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Cybersecurity action not reaction needed to avoid disaster

Kenneth Corbin | Feb. 28, 2013
Leaders from industry and academia testify at a joint House subcommittee hearing about the importance of government support for cybersecurity research and education. R&D is imperative to bolster defenses again digital attacks on critical infrastructure operated by the government and private sector.

"This challenge requires a thorough and comprehensive effort in both the public and private sectors," said Rep. Lamar Smith (R-Texas), the chairman of the full House science committee. "Private companies are increasing their investment in cybersecurity. Congress should support those efforts. Only Congress can provide the incentives and protections that would permit necessary information sharing among companies and more importantly between private companies and the federal government."

Of course, at a time of contracting agency budgets, finding new federal funding for cybersecurity research and development is a tall order. Cybersecurity writ has never been a significant line item in the federal budget, amounting to just a fraction of a percentage point of government spending.

But it might be time to make cybersecurity a bigger piece of the pie, Chang suggested, particularly given the increasing reliance on digital systems across virtually every sector of the economy.

"If you think about the priorities that the nation is now placing on cybersecurity, the fact that it's something less than 1 percent seems to be a small number. It's not for me to determine what the priorities are, but that just strikes me as sort of a low number," Chang said.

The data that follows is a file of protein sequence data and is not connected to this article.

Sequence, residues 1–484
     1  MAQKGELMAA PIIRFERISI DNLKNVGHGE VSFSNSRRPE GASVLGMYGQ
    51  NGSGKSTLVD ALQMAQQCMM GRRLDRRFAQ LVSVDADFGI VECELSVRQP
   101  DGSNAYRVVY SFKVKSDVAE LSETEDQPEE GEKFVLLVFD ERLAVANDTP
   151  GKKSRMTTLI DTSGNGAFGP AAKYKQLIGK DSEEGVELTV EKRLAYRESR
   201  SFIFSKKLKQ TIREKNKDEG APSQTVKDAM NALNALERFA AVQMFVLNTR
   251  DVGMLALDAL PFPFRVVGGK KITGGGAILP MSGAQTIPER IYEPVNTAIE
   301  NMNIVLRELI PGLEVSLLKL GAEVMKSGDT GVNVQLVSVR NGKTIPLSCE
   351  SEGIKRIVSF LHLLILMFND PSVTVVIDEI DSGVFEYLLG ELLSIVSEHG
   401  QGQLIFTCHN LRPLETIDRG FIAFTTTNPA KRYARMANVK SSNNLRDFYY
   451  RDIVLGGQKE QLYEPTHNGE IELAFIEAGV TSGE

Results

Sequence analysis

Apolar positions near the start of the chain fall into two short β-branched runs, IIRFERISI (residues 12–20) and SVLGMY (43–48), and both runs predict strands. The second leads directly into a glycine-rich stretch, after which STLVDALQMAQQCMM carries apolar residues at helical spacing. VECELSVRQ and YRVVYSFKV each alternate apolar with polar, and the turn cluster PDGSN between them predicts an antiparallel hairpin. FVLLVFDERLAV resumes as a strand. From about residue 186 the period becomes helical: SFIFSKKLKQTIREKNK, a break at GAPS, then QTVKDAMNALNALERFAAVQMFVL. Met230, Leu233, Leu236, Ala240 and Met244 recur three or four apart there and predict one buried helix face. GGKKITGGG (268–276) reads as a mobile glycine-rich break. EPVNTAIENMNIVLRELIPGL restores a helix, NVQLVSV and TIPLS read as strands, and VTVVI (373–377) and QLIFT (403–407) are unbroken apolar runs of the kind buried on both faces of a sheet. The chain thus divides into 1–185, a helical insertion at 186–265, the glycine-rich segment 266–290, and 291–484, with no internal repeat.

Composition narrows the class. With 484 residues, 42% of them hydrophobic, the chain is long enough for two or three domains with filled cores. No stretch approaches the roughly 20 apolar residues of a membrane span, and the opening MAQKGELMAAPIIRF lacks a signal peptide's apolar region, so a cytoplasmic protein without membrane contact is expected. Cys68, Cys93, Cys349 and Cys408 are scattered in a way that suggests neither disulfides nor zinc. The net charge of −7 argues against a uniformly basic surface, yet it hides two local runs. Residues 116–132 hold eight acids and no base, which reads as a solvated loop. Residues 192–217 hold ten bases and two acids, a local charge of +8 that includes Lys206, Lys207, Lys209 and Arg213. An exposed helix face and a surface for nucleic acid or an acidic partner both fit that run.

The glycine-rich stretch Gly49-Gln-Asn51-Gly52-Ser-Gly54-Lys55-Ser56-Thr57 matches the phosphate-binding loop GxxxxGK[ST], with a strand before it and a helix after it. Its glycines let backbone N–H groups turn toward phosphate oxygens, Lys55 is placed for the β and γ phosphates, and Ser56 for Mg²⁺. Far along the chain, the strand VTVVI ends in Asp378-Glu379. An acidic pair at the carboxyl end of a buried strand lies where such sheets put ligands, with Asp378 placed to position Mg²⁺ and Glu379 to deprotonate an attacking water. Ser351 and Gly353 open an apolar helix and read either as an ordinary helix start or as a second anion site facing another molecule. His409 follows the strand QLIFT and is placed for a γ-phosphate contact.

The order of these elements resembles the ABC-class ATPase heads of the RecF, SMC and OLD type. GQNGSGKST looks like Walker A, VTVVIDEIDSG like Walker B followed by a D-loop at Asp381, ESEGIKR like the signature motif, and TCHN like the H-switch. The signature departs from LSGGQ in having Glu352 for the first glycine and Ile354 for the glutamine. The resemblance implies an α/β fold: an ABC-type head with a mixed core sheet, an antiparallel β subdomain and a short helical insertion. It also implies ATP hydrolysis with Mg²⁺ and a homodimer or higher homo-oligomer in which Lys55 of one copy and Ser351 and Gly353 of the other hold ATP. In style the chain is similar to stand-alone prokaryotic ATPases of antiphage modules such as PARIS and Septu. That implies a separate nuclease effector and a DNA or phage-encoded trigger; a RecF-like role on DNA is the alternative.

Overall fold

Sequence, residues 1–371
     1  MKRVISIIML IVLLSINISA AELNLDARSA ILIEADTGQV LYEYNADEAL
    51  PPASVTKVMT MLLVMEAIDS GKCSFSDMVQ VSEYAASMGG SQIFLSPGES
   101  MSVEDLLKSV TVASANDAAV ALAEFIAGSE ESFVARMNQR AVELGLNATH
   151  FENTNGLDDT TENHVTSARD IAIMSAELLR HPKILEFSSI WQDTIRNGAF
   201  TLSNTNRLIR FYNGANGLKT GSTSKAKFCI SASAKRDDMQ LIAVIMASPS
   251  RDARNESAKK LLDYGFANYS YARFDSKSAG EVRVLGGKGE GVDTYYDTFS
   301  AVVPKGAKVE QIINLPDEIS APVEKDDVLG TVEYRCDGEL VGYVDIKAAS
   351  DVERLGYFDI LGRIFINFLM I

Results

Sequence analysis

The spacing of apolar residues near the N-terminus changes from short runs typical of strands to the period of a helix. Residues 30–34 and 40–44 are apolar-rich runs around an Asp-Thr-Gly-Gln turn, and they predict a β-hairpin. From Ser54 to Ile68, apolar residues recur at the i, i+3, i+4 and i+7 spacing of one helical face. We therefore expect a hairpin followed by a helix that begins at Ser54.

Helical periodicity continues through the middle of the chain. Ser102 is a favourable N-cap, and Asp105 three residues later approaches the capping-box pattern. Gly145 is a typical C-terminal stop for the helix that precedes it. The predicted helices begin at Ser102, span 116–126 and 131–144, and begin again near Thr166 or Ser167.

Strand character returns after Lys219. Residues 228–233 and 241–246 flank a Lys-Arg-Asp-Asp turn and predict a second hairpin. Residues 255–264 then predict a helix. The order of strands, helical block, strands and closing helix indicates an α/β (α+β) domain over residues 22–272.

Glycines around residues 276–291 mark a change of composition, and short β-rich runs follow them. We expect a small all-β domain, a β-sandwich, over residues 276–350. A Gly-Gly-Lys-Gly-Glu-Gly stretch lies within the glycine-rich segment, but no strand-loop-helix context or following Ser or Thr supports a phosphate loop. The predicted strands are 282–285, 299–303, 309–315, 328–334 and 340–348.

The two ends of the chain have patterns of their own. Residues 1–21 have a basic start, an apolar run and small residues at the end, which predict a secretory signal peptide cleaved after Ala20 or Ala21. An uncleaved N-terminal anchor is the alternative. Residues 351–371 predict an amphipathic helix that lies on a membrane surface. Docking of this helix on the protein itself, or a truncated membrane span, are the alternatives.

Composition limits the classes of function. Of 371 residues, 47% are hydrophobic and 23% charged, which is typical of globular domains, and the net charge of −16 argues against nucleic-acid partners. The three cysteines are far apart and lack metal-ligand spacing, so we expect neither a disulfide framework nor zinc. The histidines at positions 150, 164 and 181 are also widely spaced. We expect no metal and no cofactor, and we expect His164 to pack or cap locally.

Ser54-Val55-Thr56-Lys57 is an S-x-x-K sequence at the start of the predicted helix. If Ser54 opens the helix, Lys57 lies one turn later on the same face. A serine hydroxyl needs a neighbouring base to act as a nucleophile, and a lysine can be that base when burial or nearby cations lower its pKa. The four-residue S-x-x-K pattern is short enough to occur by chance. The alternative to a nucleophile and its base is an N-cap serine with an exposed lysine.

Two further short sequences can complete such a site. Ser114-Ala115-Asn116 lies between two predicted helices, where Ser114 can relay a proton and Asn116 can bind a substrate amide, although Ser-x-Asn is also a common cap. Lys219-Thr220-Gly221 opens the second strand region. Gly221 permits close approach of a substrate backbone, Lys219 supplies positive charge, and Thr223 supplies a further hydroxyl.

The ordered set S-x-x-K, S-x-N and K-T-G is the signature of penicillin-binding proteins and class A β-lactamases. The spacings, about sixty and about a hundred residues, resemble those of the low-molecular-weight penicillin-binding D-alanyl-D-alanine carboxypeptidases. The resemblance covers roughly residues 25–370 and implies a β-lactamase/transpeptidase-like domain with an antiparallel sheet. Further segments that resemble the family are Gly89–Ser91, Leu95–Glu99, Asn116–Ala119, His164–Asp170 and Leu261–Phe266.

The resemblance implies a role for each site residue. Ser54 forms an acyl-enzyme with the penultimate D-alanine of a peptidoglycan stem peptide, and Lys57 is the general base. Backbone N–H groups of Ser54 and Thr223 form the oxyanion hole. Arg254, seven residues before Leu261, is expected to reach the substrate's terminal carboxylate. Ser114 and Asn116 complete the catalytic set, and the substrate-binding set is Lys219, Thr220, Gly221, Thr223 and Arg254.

The debate over cybersecurity often gives air to dire warnings and dramatic rhetoric, with officials warning of an event like a "cyber Pearl Harbor" or "cyber 9-11". Michael Barrett, the chief information security officer at PayPal, pointed out that the true extent of hacking and other criminal activity is shrouded by a shortage of information about attacks, and called for the government to undertake new research aiming to illuminate the scale of the problem.

"What we have found from our years of combating cybercrime is that quantifying the full cost is difficult, if not impossible, because many incidents aren't reported," Barrett said. "Estimates of the magnitude and scope of cybercrime vary widely, making it difficult for policymakers and industry to fully understand the problem and the level of effort needed to combat it. We recommend that policymakers fund some research that helps fill some of the information gaps that currently exist as it relates to cybercrime. We believe that this research will be a critical tool in arming policymakers, law enforcement and industry against the growing threat of cybercrime."

Terry Benzel, deputy director for cyber networks and cybersecurity at the University of Southern California's Information Sciences Institute, urged a broader rethinking of the traditional approach to cybersecurity. Instead of a piecemeal focus on specific attacks and vulnerabilities, she suggested a more holistic view of the threat landscape that would ingrain security across the enterprise.

"All too often our research is narrowly focused on single topics. For example, we have many people conducting excellent research in distributed denial-of-service, worms, botnets and Internet routing, each studied individually and deeply," Benzel said.


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